Dominic Cleeton comes from a family of farmers. His favorite hobbies include baling hay, working cows and riding in tractors.
Dominic, who lives near Moberly, Missouri, also loves to make up silly songs. For example, he recently created a farming version of a popular nursery rhyme: “The hay on the baler goes round and round.”
This might sound like normal behavior for a kid, but the Cleeton family doesn’t take Dominic’s singing for granted.
“Dominic was an emergency C-section who spent 18 days in the NICU,” said Hope Cleeton, Dominic’s mom, referring to the MU Health Care Children’s Hospital’s neonatal intensive care unit. “While he was there, they gave him a hearing test, and he failed."
Dominic was born with Noonan syndrome, a genetic disorder that can cause hearing loss, heart disease, musculoskeletal issues and more. After graduating from the NICU, he and his family went across the street to MU Health Care’s ENT, Hearing and Balance Center to undergo a diagnostic auditory brainstem response (ABR) test.
The test measured his brain’s response to sound.
“After that test, we were able to determine Dominic had no usable hearing,” said Morgan Hahn, an MU Health Care audiologist. “We could not detect any response to sound.”
This came as a surprise to Dominic’s parents, but they didn’t feel dejected.
“It wouldn’t do us any good to be angry or sad or to pity ourselves,” said Tyler Cleeton, Dominic’s dad. “If we wanted to give him the highest quality of life, we had to move forward and research the next steps.”
Choosing cochlear implants
The Cleetons had two options: They could learn sign language and raise a deaf child, or they could pursue cochlear implants.
A cochlear implant is a hearing device that is surgically inserted into a patient’s inner ear. It has two main parts: a processor that is worn externally, and a receiver that is implanted under the skin. The processor picks up speech and environmental sounds, and the receiver converts sound into electrical pulses that are sent to the brain. The brain interprets these electrical pulses as sound, and as a result, the patient can hear.
After much thought, the Cleetons chose cochlear implants. MU Health Care neurotologist Arnaldo Rivera, MD, installed Dominic’s implants in two separate procedures after his first birthday. Rivera is the only board-certified and fellowship-trained pediatric cochlear implant surgeon in mid-Missouri.
After two smooth surgeries, it was time to activate Dominic’s implants. He immediately reacted to the sounds around him.
“It was a pretty emotional moment for me,” Tyler said. “It was exciting and tearful and an amazing day. It made all the testing and all the doctor's appointments worth it.”
But the family’s journey had only begun.
“What I do is the easiest portion,” Rivera said. “After activating the implants, it takes a committed family and a team of experts to achieve the hearing outcomes we’re looking for.”
Developing a new sense
After his surgeries, Dominic enrolled in speech therapy sessions at MU Health Care’s Children’s Therapy Center.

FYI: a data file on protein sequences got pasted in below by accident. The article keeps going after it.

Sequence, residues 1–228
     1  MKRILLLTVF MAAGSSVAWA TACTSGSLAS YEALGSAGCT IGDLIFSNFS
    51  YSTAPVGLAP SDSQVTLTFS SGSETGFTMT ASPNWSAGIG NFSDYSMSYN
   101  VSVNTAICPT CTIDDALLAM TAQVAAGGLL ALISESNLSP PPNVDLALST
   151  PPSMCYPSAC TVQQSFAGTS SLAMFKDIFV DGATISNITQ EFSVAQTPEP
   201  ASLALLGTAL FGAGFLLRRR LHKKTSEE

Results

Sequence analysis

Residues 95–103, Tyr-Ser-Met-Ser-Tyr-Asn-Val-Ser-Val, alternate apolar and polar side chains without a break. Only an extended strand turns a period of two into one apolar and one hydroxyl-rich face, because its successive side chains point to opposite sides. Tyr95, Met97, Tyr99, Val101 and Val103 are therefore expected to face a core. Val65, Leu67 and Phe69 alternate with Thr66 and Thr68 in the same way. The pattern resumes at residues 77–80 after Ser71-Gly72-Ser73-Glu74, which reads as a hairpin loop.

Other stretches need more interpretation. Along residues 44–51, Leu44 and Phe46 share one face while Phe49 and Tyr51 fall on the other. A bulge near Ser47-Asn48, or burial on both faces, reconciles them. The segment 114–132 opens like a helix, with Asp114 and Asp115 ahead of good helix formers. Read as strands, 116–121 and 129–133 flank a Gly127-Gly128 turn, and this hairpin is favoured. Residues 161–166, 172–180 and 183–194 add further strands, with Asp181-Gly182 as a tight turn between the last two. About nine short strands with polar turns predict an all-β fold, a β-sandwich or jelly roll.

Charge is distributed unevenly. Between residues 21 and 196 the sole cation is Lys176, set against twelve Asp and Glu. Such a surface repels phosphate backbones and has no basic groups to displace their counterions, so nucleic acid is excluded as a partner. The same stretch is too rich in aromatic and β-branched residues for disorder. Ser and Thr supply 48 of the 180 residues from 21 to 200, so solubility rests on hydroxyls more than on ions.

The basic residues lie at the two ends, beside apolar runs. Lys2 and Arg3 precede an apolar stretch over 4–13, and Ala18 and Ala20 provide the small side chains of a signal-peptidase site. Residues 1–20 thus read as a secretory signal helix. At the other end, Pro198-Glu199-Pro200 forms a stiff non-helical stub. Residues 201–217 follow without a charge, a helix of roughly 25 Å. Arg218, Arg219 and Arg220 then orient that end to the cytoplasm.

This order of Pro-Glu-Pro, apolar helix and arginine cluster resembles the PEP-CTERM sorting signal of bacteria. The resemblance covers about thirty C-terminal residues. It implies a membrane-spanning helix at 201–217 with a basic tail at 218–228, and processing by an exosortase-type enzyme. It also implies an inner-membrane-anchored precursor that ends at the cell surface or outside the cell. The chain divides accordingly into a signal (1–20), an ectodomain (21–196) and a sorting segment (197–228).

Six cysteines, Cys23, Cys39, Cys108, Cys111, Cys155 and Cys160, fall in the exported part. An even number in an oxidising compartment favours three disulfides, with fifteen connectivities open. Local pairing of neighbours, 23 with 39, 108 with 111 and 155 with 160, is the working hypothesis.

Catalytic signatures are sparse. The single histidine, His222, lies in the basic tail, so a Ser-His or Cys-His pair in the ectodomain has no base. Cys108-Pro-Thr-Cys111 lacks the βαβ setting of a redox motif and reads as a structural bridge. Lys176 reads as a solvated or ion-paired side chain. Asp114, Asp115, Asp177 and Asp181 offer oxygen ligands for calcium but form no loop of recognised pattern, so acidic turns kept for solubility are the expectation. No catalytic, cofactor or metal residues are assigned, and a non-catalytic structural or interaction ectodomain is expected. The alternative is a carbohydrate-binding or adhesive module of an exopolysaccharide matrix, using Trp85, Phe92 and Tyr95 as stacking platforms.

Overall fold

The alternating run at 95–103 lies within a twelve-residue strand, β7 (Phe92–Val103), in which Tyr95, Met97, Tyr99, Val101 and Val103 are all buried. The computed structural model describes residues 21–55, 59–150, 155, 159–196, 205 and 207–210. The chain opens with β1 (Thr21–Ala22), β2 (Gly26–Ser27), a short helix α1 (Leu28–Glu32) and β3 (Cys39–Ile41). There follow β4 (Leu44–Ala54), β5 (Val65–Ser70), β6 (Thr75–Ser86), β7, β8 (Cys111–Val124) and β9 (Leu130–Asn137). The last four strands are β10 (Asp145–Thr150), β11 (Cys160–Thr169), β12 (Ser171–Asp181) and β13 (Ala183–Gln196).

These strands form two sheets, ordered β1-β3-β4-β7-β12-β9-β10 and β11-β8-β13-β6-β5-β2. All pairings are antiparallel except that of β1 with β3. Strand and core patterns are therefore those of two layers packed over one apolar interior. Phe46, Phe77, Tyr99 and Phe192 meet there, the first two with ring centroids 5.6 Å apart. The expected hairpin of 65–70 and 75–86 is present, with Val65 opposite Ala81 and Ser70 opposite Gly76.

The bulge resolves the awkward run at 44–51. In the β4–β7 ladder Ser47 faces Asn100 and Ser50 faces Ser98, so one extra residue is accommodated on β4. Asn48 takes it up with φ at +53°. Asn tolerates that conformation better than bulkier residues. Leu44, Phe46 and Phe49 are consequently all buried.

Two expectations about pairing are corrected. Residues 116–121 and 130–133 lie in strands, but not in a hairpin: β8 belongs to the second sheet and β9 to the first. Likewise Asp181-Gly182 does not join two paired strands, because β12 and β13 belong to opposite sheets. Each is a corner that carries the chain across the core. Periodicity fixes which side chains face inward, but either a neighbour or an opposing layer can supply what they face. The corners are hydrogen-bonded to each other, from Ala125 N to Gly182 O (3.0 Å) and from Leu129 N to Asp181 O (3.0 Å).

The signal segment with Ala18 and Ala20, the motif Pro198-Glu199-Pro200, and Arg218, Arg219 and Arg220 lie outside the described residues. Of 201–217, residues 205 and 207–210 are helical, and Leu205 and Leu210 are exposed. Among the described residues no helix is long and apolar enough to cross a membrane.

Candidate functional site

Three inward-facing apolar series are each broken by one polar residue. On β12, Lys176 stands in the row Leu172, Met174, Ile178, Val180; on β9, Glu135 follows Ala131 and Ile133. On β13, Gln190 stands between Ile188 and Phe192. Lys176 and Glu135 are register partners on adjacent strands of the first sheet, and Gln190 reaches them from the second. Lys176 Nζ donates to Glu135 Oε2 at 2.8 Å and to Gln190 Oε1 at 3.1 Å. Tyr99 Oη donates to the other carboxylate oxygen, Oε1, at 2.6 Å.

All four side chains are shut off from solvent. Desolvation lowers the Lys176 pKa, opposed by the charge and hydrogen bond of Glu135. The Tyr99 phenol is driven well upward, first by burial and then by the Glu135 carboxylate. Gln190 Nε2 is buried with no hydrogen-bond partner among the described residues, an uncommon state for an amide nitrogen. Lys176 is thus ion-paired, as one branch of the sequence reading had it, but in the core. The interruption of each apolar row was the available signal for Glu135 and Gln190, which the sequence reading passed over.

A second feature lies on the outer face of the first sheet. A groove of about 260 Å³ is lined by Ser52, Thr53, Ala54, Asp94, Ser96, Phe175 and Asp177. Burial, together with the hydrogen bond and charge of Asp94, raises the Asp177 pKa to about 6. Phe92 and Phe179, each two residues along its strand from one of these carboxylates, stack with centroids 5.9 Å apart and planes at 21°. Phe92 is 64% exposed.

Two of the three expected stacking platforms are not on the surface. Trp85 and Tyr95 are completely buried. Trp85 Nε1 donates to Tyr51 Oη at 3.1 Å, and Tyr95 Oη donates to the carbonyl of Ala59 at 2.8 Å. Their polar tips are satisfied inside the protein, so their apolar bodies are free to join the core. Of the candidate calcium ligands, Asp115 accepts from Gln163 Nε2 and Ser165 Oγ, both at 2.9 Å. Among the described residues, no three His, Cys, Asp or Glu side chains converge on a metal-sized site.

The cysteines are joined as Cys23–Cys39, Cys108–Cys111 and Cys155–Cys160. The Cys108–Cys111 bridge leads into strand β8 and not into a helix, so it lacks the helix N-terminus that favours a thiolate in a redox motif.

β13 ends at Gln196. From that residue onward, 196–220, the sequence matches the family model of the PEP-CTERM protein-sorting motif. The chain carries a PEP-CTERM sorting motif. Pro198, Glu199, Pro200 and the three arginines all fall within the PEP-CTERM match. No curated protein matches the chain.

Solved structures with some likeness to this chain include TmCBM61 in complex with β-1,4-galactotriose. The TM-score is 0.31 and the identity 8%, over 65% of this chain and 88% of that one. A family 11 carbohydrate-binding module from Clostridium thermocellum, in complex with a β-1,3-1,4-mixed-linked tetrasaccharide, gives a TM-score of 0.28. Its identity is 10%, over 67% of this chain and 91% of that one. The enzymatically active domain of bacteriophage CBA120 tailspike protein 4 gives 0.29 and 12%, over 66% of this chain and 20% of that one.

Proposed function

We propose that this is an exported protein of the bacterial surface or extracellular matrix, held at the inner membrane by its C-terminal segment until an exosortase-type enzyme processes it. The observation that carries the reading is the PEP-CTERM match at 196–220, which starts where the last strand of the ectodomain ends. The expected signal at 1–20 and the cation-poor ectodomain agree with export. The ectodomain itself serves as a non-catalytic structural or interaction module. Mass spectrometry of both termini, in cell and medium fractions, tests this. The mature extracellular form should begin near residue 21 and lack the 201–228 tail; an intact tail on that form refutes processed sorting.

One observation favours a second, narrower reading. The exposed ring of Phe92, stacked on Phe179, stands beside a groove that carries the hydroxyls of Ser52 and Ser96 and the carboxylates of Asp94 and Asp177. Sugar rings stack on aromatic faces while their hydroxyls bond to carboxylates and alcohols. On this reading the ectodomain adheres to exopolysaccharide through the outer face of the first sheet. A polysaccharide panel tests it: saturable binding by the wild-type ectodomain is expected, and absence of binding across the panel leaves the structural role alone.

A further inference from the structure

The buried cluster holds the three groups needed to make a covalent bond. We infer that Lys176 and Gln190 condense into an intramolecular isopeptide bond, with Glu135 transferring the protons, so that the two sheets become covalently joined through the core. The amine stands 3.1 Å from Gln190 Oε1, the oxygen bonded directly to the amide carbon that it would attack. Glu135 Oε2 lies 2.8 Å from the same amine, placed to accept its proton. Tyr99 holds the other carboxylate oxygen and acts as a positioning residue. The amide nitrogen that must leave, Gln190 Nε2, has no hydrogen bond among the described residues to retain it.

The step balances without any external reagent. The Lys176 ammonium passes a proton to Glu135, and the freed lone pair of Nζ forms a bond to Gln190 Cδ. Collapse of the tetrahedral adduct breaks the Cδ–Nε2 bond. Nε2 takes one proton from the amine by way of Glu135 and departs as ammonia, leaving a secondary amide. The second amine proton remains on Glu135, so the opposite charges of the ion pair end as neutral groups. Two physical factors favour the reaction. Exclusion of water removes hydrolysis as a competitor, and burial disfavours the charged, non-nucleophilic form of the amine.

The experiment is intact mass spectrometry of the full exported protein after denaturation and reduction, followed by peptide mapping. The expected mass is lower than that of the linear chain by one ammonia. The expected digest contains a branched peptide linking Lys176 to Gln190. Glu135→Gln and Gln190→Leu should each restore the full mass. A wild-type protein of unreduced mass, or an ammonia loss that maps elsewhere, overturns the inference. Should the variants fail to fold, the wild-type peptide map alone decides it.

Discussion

“The first thing we do is teach the kiddo what sound means,” said Katie Threlkeld, Dominic’s speech language pathologist. “We want them to understand sounds and where they are coming from. The kiddo is not going to immediately understand what the word ‘dog’ is, so we start with the sound a dog makes — ‘woof, woof’ — and give that sound a meaning. Then, we eventually get to ‘dog,’ which turns into ‘the dog plays,’ and then, ‘My sister and I play with the dog outside.’ ”
Within a few months, Dominic’s vocabulary grew rapidly. As Dominic progresses though therapy, he also regularly visits the audiology team to get his cochlear implants fine-tuned — a process called “mapping.”
“The auditory nerve learns very quickly and changes very rapidly,” said Roseanna Arand, an MU Health Care audiologist. “Sounds that were once very loud to the patient might eventually become very quiet. We closely monitor these changes to ensure the levels are where they should be.”
MU Health Care’s team of specialists play a key role in Dominic’s development, but his parents are also pivotal to his progress.
“We give parents homework after every session because their child’s habilitation needs to continue in the home environment,” Threlkeld said. “Hope and Tyler have been awesome. They implement the strategies and exercises we go over during our sessions, and this gives Dominic the best opportunity for growth across speech, language and cognition.”
With kindergarten on the horizon and Dominic nearing the end of his speech therapy sessions, the Cleeton family can reflect on the experience as they watch their son play and sing on the farm.
“Having Dominic’s birth, surgery, speech therapy and audiology all occur in the hospital we grew up in is the greatest feeling ever,” Tyler said. “We've heard about families who have packed up and moved across the state or across the country to find a good audiologist. Everything we need is at Children’s Hospital. We are thrilled with how well Dominic has done and how amazing the doctors and therapists have been in Columbia. They've made a world of difference.”